One of the most frequently asked question is whether Hegel’s idea of God is immanent or transcendent. In Transcending Subjects: Augustine, Hegel, and Theology, Geoffrey Holsclaw attempts to solve this puzzle by contrasting the political theologies of Hegel and Augustine. He argues that Hegel produces a political theology of ‘self-transcending immanence’ while Augustine produces a political theology of ‘self-immanentizing transcendence’. The primary problem with Holsclaw’s dialectical procedure results from its uncritical appeal to a transcendent source for the supersession of (...)
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  28.  42
    Cognitive Variations: Reflections on the Unity and Diversity of the Human Mind.Geoffrey Lloyd - 2007 - Clarendon Press.
    Sir Geoffrey Lloyd presents a cross-disciplinary exploration of the unity and diversity of the human mind. He discusses cultural variations with regard to ideas of colour, emotion, health, the self, agency and causation, reasoning, and other fundamental aspects of human cognition. He draws together scientific, philosophical, anthropological, and historical arguments in showing how our evident psychic diversity can be reconciled with our shared humanity.
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  29. Indexicality and Deixis.Geoffrey Nunberg - 1993 - Linguistics and Philosophy 16 (1):1--43.
    Words like you, here, and tomorrow are different from other expressions in two ways. First, and by definition, they have different kinds of meanings, which are context-dependent in ways that the meanings of names and descriptions are not. Second, their meanings play a different kind of role in the interpretations of the utterances that contain them. For example, the meaning of you can be paraphrased by a description like "the addressee of the utterance." But an utterance of (1) doesn't say (...)
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  30.  62
    Semantics: The Study of Meaning.Geoffrey N. Leech - 1974 - Harmondsworth, Penguin.
    Geoffrey Leech stresses the contribution of semantics to the understanding of practical problems of communication and concept-manipulation in modern society.
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  31. Transfers of Meaning.Geoffrey Nunberg - 1995 - Journal of Semantics 12 (2):109-132.
    ‘Transfers of meaning’ are linguistic mechanisms that make it possible to use the same expression to refer to disjoint sorts of things. Here I discuss predicate transfer, an operation that takes names of properties into new names that denote properties to which they functionally correspond. It is this operation that is responsible for the new meaning of the predicate parked out back in the utterance ‘I am parked out back’, as well as for the lexical alternations that figure in systematic (...)
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  32.  7
    Photography Degree Zero: Reflections on Roland Barthes's Camera Lucida.Geoffrey Batchen (ed.) - 2011 - MIT Press.
    An essential guide to an essential book, this first anthology on Camera Lucida offers critical perspectives on Barthes's influential text. Roland Barthes's 1980 book Camera Lucida is perhaps the most influential book ever published on photography. The terms studium and punctum, coined by Barthes for two different ways of responding to photographs, are part of the standard lexicon for discussions of photography; Barthes's understanding of photographic time and the relationship he forges between photography and death have been invoked countless times (...)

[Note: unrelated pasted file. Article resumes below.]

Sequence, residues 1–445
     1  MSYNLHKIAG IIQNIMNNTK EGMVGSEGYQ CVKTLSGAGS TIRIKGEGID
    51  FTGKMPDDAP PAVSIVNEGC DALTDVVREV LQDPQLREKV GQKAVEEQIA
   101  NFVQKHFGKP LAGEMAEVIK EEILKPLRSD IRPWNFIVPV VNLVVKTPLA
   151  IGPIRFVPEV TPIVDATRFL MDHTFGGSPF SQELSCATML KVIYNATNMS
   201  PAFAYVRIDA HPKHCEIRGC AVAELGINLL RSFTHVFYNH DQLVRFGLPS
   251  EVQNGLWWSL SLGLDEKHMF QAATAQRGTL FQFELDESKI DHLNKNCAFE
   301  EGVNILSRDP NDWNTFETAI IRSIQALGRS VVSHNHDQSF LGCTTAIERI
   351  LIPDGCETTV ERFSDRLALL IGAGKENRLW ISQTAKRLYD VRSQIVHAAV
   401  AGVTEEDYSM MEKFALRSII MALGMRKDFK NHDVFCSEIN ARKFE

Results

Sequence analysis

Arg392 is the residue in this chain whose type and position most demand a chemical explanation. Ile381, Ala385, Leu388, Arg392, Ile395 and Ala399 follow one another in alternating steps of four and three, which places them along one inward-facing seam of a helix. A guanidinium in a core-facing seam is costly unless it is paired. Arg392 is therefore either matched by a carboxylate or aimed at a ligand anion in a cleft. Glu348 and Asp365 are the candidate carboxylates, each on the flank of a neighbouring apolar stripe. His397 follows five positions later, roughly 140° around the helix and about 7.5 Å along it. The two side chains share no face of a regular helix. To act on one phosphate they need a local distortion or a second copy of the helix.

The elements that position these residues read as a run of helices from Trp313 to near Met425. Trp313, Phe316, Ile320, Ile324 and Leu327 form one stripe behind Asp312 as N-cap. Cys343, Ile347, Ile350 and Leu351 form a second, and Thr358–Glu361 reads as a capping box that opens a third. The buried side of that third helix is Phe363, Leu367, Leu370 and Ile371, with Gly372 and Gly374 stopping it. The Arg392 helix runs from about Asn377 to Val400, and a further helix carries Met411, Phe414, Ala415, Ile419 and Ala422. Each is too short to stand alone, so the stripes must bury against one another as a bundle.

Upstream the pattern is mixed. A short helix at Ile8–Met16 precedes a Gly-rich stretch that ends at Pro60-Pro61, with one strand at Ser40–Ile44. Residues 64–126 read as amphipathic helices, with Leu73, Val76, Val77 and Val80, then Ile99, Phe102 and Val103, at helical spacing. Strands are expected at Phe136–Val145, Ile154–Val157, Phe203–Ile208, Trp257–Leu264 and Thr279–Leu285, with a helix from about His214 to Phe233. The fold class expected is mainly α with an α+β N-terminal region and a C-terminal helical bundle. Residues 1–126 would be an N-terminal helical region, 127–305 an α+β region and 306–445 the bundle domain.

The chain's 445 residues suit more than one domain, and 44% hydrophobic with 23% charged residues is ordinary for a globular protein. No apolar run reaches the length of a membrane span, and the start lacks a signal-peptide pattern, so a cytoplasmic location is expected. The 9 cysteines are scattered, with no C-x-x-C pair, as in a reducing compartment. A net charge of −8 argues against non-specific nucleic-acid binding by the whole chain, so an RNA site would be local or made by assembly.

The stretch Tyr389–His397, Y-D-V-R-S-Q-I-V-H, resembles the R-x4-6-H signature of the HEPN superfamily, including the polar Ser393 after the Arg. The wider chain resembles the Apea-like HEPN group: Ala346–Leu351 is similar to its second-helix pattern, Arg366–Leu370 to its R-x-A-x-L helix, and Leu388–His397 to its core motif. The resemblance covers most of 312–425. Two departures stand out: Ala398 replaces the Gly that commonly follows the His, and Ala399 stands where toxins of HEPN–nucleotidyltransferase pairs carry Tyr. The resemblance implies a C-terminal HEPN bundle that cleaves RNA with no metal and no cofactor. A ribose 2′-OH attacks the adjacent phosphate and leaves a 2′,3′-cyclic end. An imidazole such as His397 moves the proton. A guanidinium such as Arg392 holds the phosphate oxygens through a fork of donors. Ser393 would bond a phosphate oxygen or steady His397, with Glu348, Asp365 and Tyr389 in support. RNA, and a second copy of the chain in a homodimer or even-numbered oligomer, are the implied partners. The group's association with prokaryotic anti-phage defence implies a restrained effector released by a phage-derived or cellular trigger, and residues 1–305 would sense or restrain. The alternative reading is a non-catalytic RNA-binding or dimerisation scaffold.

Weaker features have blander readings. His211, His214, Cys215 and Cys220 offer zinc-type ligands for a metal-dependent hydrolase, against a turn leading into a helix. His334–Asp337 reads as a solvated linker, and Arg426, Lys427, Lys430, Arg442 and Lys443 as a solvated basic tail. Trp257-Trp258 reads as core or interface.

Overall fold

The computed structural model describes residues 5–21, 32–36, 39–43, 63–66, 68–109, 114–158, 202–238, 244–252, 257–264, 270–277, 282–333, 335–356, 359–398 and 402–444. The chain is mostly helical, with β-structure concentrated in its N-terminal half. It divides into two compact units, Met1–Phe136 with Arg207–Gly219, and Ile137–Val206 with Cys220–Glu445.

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  33. Temporal Experience and the Temporal Structure of Experience.Geoffrey Lee - 2014 - Philosophers' Imprint 14.
    I assess a number of connected ideas about temporal experience that are introspectively plausible, but which I believe can be argued to be incorrect. These include the idea that temporal experiences are extended experiential processes, that they have an internal structure that in some way mirrors the structure of the apparent events they present, and the idea that time in experience is in some way represented by time itself. I explain how these ideas can be developed into more sharply defined (...)
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  34. Enlightenment and Despair a History of Social Theory.Geoffrey Hawthorn - 1987
  35. The Non-Uniqueness of Semantic Solutions: Polysemy. [REVIEW]Geoffrey Nunberg - 1979 - Linguistics and Philosophy 3 (2):143 - 184.
  36.  1
    Picturing Atrocity: Photography in Crisis.Geoffrey Batchen, Mick Gidley, Nancy K. Miller & Jay Prosser (eds.) - 2012 - Reaktion Books.
    A volume of essays by leading photography writers and critics, published to benefit Amnesty International, cites such examples as the work of Susan Sontag to question whether photography of disturbing images stirs empathy or voyeurism in its viewers, outlining how to look at photographs to become contextually informed. Original.
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  37.  4
    Philosophy for Aliens: Discovering 'the Philosophical Black Hole'.Geoffrey Berg - 2013 - Intellect Publishing.
    Geoffrey Berg finds a previously undiscovered 'black hole' at the very core of Philosophy. This must cause extensive 'universal uncertainty' that is insurmountable by any human or any intelligence.This book strips away common human delusions about 'goodness', God and the ultimate knowability of the Universe. It focuses on the logical limitations to knowledge for humans, aliens and even artificial intelligences.The book is original and radical, yet entirely logical in its approach. It presents and justifies in quite simple language an (...)
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  38.  22
    Enactive Cognition and the Other: Enactivism and Levinas Meet Halfway.Geoffrey Dierckxsens - 2020 - Journal of French and Francophone Philosophy 28 (1):100-120.
    This paper makes a comparison between enactivism and Levinas’ philosophy. Enactivism is a recent development in philosophy of mind and cognitive science that generally defines cognition in terms of a subject’s natural interactions with the physical environment. In recent years, enactivists have been focusing on social and ethical relations by introducing the concept of participatory sensemaking, according to which ethical know-how spontaneously emerges out of natural relations of participation and communication, that is, through the exchange of knowledge. This paper will (...)